That seems to be the business model of many newspaper and periodical web
sites: current items for free, but pay (or at least register) for the
archive. If this spreads to media-posting web sites, as Tom suggests, it
means that it will be the archive (back catalogue, legacy) materials
that will be generating the revenue: exactly the opposite of what the
current model is for the entertainment industry. I daresay that
librarians, archivists, and even collectors, with their experience in
dealing with large quantities of old materials, could then be very
valuable people for such companies. Not to mention the libraries,
archives, and private collections themselves.
Tom Fine wrote:
> Also note that GE/NBC has cracked down on YouTube. Pretty soon, it
> will be back to being what it started out as -- a bunch of boring junk
> from kids with video cameras. The copyright owners will want to
> distribute video for pay or for free on their own websites. And
> YouTube's inventors will turn out to be the cleverist of the dot-bomb
> zillionaires for selling at just the right time for maximum
> hype-dollars (although that title may forever belong to Mark Cuban,
> who invented a now-dead audio site and sold it for megabux to Yahoo
> when they panic'd about Real Networks stealing the whole streaming
> audio show; now Cuban is a loud and obnoxious basketball team owner).
> By the way, I have been impressed and pleased by the growth of video
> podcasts available free via iTunes. Most of the Sunday political talk
> shows are now available either as audio or either video or audio
> podcasts. I believe that eventually network TV shows will go this way
> -- have a podcast available with commercials for free during perhaps a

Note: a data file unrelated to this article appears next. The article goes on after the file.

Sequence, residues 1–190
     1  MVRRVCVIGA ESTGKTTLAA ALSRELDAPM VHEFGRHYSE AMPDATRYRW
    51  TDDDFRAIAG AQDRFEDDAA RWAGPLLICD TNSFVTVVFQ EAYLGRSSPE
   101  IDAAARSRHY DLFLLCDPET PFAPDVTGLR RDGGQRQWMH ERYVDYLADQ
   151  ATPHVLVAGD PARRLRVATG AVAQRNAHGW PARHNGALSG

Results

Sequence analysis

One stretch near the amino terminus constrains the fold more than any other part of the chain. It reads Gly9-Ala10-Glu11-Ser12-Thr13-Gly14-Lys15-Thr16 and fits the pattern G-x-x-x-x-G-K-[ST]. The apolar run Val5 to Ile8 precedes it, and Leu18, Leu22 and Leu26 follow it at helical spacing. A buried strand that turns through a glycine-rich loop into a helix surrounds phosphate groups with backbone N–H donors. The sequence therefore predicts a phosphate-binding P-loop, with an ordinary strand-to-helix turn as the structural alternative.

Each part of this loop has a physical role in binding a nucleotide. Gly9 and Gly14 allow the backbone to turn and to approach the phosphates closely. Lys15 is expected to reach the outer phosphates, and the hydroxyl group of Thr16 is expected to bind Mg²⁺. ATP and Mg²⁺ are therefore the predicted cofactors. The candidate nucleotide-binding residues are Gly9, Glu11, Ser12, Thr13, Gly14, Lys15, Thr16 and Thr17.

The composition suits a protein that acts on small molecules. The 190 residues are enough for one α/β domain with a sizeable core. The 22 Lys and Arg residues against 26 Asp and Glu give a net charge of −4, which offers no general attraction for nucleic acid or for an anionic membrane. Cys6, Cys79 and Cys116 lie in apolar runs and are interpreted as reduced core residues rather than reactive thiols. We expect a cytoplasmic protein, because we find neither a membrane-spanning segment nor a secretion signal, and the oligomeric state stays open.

> 2-week period surrounding the original broadcast and then have the
> episode available without commercials for a couple of bucks forever
> afterward. When that happens, it'll sure put the last nail in the
> coffin of most VHS decks and probably kill off TiVo too.
> -- Tom Fine
> ----- Original Message ----- From: "Marcos Sueiro" <[log in to unmask]>
> To: <[log in to unmask]>
> Sent: Saturday, February 03, 2007 9:12 AM
> Subject: Re: [ARSCLIST] Some YouTube stuff that may be of interst
>> I don't think it makes a difference. If the audio is under copyright,
>> it is illegal to post it. I believe you are also required to state
>> the copyright owners.
>> This is a related article from this week:
>> Viacom wants its clips removed from YouTube
>> Associated Press
>> Published February 3, 2007
>> NEW YORK -- Media company Viacom Inc., which owns the cable networks
>> MTV, VH1, Nickelodeon and the Paramount Pictures movie studio, asked
>> YouTube on Friday to remove more than 100,000 unauthorized clips from
>> its hugely popular video-sharing site.
>> Viacom said in a statement that after several months of talks with
>> YouTube and its corporate parent, the online search leader Google
>> Inc., "it has become clear that YouTube is unwilling to come to a
>> fair market agreement that would make Viacom content available to